Exactly this. The biggest threat to Biden is the unaccountable belief (according to polls) that Trump is good for the economy. He does need to have a better story on the economy, even if it's not really strong his strong suit.

    Same for Starmer in the UK. Against all the evidence to the contrary, Boris "Fuck Business" Johnson has better numbers on the economy.
  • DavidLDavidL Posts: 33,140

    HYUFD said:
    How generous of them. The previous policy of rejoining without public consent was much more LibDemish.
    You know, my confidence in Lord Adonis' predictions on this is starting to waver, it really is.
  • Richard_NabaviRichard_Nabavi Posts: 26,990
    edited September 21
    Pulpstar said:

    Nigelb said:
    You'd have thought those staging operas would have 2 metre gaps between different groups. The thought process of the stagers doesn't seem to have gone much beyond 'the opera is allowed to open now so lets just sell tickets as normal' though >.>
    I went to a socially-distanced Wigmore Hall concert last week which was extremely well organised, with very strong social distancing*. Jolly good it was too - Sarah Connolly. We've just heard we've got tickets for Angela Hewitt playing the Art of Fugue next week - should be a real goody. I just have to hope Boris doesn't put the kibosh on it.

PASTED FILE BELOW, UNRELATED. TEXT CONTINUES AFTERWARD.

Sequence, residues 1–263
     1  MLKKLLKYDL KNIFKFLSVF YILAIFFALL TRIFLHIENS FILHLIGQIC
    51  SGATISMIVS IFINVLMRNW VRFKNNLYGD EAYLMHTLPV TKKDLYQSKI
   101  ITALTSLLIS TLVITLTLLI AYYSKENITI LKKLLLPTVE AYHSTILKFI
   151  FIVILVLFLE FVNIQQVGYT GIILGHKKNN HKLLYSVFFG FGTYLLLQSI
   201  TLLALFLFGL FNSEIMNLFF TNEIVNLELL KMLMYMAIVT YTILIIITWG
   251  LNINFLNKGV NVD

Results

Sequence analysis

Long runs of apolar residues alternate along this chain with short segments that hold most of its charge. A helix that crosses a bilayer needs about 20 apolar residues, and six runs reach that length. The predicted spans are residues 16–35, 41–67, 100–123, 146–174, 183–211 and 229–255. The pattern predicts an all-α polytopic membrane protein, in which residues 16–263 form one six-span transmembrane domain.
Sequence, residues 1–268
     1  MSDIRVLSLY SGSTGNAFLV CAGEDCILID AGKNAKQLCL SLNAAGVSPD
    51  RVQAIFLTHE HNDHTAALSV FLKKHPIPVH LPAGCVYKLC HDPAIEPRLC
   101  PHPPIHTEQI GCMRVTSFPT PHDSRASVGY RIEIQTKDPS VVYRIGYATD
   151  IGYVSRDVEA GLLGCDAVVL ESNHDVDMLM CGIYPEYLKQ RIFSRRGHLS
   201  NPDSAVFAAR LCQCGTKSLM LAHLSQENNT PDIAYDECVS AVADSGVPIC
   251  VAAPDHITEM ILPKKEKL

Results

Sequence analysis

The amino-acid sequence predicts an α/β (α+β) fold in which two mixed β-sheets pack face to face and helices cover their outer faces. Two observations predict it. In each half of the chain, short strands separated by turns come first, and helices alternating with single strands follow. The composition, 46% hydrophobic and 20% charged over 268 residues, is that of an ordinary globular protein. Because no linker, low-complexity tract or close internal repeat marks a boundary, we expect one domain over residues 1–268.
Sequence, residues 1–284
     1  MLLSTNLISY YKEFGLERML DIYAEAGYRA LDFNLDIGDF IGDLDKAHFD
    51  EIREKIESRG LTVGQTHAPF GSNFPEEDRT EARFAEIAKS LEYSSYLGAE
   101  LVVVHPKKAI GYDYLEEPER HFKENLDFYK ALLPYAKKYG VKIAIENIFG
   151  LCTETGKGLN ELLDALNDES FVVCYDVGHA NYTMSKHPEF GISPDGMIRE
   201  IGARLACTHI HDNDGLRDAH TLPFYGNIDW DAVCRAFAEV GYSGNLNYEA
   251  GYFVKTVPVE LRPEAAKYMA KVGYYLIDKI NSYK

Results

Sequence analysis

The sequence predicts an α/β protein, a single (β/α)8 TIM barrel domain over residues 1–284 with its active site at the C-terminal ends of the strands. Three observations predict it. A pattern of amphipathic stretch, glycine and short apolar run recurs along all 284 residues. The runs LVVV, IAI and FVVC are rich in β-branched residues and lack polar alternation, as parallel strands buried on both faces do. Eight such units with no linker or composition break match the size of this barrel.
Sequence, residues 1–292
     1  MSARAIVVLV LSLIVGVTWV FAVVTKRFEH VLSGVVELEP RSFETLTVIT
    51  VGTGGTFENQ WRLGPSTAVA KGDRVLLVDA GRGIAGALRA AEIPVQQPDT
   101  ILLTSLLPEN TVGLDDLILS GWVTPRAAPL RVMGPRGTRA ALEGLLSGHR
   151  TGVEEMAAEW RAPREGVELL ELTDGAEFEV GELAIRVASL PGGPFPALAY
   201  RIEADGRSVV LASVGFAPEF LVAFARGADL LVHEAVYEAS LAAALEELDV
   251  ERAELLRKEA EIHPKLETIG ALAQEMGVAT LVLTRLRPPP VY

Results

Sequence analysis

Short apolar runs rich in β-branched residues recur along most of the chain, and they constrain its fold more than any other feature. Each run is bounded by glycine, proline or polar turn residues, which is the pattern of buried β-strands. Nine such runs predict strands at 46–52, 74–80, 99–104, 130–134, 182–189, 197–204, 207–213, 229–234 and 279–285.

* Mind you, given the age profile of the typical Wigmore Hall audience, that's just as well.
  • SandpitSandpit Posts: 27,844
    HYUFD said:
    Ooh, are we going to end up with a party that’s liberal and democratic?
  • RobDRobD Posts: 49,135
    Sandpit said:

    HYUFD said:
    Ooh, are we going to end up with a party that’s liberal and democratic?
    Bollocks to bollocks to Brexit?
  • nichomarnichomar Posts: 7,096

    HYUFD said:

    twitter.com/Independent/status/1308035913042350080?s=20

    Who are the Lib Dems? I have never heard of them.
    They will be back in May when they relieve hundreds of tories of their council seats.
  • Andy_JSAndy_JS Posts: 7,453
    "Sweden has exposed the cruel folly of lockdown